This Saturday, Feburary 9th, the Santa Barbara surf scene will have one of its most defining stories told.
“Spoons: A Santa Barbara Story,” premieres at the Santa Barbara International Surf Festival this weekend, and Stab caught up with the film’s director, Wyatt Daily, to hear about the filmmaking process cobbling together one of California surfing’s most nuanced timelines.
Alright, pretend I’ve never heard the last name Yater, Greenough, Curren, or Merrick in my life—give us the elevator pitch. Spoons is about…
This film is about the impact that Santa Barbara has had on surfing, looking at George Greenough, Al Merrick, Greenough, and of course Renny Yater.
But it’s also a story about craft, work-ethic, and exploration that goes beyond surfing to show how to live a life with purpose.
So, many will know Greenough’s name, or recognize him from the opening scene from Endless Summer riding his kneeboard in Santa Barbara, but for those uninitiated, lay out the Greenough story (radically attenuated, of course). Just how influential was he, and why are his designs and theories still relevant?
Greenough’s influence is in everything that we know about modern surfing today. From the roundhouse cutback, to the surf fin, to getting barreled, George Greenough pioneered it and showed people how it could be done.
He was doing things in the 60’s that people are still trying to fully understand, especially when it comes to edge-board designs, and the importance of flex in a surfboard.
But even beyond surfing, George innovated boat technology, underwater camera technology, and in a lot of ways he only revealed what could be right below the surface. People will continue to explore and evolve those ideas that George brought forward for generations. Greenough is one of the pillars on the Mt. Rushmore of surfing.
A couple beautiful Spoon specimens.
From the Charlie Coffee archive, courtesy the filmmakers.
Yater’s relationship with Greenough started how? The Yater Spoon came out around the same time Greenough was taking off for Oz to blow Nat and Bob’s minds at Noosa on that red kneeboard (what’s her name again?). What is the Yater Spoon’s importance to board design, and how did Greenough influence that design?
Renny and George are fishermen, and the way George explains it, Renny taught him how to fish for lobsters. Renny knew how to follow their migration patterns, and how to fish for them really close to shore, which is very dangerous and takes tremendous ocean knowledge. They’re watermen, and that’s why they made such a good team.
From those fishing trips, two schools of surfing evolved: George’s radical innovation that led to the shortboard revolution; and Yater’s refined, methodical approach that favors subtle advancements for measurable improvements over time.
There was a lot of cross-polination in the mid sixties between California, Australia, and Hawaii, and advancements to surfboard designs were happening rapidly. Both George and Renny made trips to Australia, and while George showed the Aussies what could be done on a wave with Velo (his famous red kneeboard), Yater was instrumental in the development of hot longboards in ’64, ’65, ’66.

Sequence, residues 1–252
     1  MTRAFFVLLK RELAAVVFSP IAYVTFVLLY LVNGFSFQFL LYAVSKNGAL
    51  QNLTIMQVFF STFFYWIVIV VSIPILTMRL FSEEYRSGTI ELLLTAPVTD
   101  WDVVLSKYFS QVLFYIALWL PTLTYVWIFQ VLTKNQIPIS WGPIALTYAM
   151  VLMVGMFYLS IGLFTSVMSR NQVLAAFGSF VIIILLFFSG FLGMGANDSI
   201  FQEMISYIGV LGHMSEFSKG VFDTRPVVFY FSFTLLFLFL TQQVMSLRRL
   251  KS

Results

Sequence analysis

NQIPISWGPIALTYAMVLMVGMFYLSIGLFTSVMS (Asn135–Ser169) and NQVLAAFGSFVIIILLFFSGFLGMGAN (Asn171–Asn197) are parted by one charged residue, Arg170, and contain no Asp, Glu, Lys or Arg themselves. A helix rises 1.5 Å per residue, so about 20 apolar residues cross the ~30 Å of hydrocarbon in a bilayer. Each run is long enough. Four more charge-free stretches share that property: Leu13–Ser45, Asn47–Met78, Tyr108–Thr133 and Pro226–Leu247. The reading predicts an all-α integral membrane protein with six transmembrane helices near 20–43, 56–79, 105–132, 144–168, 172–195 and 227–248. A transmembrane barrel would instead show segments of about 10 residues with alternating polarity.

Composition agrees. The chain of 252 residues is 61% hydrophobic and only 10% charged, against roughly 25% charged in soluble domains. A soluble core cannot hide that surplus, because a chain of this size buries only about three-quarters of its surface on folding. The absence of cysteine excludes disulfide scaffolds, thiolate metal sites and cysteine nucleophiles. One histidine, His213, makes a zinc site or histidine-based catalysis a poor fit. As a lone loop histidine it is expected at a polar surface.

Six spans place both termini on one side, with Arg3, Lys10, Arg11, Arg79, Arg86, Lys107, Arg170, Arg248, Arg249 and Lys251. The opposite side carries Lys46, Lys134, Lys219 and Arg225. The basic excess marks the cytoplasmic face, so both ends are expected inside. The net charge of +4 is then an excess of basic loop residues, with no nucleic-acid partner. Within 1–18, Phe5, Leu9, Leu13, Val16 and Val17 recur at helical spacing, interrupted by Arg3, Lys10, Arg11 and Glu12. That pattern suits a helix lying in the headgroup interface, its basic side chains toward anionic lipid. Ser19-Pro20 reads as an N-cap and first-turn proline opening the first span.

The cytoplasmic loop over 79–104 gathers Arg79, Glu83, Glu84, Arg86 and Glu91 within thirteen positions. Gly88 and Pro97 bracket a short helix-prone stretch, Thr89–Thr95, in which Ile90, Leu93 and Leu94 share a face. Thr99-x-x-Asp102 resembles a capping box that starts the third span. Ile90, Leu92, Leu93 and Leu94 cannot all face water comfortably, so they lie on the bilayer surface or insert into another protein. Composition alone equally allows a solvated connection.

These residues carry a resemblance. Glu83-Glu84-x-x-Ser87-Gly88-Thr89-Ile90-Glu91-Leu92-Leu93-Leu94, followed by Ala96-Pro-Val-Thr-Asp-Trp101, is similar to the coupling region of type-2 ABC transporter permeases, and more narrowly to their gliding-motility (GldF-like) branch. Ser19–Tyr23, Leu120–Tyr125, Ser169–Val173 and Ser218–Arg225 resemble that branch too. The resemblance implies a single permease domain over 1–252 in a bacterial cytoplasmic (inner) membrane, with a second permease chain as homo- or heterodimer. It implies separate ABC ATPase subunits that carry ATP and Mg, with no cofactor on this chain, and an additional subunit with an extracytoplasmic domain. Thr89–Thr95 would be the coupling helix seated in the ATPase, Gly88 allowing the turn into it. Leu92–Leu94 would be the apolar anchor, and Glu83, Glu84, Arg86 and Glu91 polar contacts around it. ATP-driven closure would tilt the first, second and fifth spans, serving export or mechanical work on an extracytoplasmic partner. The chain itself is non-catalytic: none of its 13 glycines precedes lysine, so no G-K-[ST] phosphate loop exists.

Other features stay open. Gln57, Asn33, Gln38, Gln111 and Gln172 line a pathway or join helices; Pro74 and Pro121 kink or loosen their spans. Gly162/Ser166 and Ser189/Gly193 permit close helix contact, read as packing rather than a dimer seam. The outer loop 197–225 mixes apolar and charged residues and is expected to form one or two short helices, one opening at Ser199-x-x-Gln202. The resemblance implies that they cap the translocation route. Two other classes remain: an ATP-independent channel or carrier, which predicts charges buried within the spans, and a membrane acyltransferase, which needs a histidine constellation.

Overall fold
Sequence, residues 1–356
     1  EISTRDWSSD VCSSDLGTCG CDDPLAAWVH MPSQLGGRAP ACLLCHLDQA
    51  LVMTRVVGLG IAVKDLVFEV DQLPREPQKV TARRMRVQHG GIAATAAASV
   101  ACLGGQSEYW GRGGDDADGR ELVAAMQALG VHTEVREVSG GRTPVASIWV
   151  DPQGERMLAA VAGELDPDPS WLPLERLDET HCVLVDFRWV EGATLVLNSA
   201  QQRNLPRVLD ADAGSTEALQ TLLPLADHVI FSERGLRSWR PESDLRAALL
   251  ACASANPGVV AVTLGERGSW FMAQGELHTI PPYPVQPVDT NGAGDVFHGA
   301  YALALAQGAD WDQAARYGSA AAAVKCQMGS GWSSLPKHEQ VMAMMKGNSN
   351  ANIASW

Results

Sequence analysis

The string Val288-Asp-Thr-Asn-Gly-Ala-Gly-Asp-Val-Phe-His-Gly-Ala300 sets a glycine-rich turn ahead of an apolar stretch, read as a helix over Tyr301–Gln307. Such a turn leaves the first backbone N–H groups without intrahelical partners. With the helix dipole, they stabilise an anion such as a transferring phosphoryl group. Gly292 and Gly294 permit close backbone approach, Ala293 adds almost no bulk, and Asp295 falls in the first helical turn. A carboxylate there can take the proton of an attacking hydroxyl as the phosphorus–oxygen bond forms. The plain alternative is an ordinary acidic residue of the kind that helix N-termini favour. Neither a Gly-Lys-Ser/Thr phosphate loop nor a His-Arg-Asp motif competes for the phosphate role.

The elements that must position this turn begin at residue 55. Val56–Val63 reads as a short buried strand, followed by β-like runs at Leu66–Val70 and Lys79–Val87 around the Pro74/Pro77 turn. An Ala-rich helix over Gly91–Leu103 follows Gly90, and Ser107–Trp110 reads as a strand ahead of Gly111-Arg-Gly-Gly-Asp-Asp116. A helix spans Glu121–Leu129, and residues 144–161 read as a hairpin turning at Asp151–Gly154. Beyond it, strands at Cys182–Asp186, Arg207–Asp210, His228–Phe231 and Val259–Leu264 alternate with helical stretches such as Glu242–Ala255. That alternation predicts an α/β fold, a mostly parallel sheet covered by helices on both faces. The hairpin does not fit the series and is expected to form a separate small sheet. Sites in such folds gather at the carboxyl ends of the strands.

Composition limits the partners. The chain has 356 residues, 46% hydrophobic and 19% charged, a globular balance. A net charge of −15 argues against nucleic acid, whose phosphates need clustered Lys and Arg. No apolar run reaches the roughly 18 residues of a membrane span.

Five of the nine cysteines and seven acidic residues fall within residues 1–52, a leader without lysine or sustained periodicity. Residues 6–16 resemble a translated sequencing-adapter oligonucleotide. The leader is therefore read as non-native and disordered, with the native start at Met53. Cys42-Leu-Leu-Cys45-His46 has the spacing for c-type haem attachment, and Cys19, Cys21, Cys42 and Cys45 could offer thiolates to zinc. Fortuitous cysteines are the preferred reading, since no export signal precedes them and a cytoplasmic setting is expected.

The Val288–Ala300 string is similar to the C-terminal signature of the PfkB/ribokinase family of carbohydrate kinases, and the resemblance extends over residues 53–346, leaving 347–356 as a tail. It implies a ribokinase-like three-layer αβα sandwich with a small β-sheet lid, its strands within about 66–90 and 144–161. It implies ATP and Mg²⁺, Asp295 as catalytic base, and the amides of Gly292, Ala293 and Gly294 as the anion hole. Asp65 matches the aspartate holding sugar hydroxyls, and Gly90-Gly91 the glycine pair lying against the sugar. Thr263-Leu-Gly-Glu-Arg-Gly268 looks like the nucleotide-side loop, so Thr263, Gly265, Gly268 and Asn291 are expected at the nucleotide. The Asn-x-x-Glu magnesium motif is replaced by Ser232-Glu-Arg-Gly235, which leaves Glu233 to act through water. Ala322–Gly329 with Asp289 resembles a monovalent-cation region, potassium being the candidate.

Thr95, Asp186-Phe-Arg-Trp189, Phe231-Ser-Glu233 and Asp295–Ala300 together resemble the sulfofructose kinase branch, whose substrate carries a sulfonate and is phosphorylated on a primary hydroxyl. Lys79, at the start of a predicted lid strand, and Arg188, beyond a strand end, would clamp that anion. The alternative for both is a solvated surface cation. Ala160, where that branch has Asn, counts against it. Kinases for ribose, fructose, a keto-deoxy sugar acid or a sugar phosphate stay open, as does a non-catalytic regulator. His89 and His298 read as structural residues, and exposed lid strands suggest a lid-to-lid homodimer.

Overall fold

Yater focused on creating a rail profile that would maximize trim speed, and brought in rocker that allowed his boards to make the more critical drops at Rincon (whereas, say, Malibu boards were generally flatter and more geared to noseriding). He also dug out foam from the deck of the nose of the board to save weight and increase the turnability, which was adopted throughout the board building industry as the “step-deck.”
Even though rocker and rail profiles and a step-deck aren’t as obviously radical as a 4-foot surfboard, or the Greenough template fin, they still represent major performance additions and an approach to modern surfboard building that is fundamental.
But Yater has never sought the limelight. He’s the epitome of understated, and he still shapes surfboards on a daily basis, well into his 80s. And while George could care less about the modern surf industry, but he’s still interested in developing and sharing his radical innovations (specifically with fin evolution) with anyone who will listen.
And that’s why I think Yater and Greenough represent the core of what surfers should aspire to be.
Lobster fishing boat in Santa Barbara, 1960s.
Image taken from the film.
How did you guys go about gathering the footage and filming the interviews? It’s such a long history, it had to be crazy parsing it to something digestable.
It’s been one closet at a time, a film can here, a shoebox there, and one conversation after another. This whole process has been a concentric circle of stoke that started with a small few supporters and continues to spiral into deeper and deeper reaches of surfing heroes.
We’ve done a ton of interviews, and some of them don’t even make it on screen. But it all connects because as one person got wind of what we were doing, another person added their two cents, and eventually it just kept on growing.
Some people, like Tom Curren, have taken more than a year to track down and get in front of the camera, but it’s all been worth it. I just knew from the beginning that I wanted it to be under an hour, give people a deeper appreciation for surfing, and leave ’em wanting more.
Al Merrick and Conner Coffin.
Image from the film.
What’s the plan for the film? Online release once it’s gotten funded? Tour? It’s premiering in Santa Barbara next month, right?
We’re premiering the film at the Santa Barbara International Film Festival (SBIFF), as the Closing Night film at the Arlington Theater, Saturday February 9th at 8pm.
It’s crazy though, because we still need funds to get the film licensed so we can take it on the road. That’s why we are doing the Kickstarter; to license the footage so we can release it online and bring it to a theater near you. We’ve been wingin’ it this whole time and so far it’s turned out pretty good, so we’ll see what happens!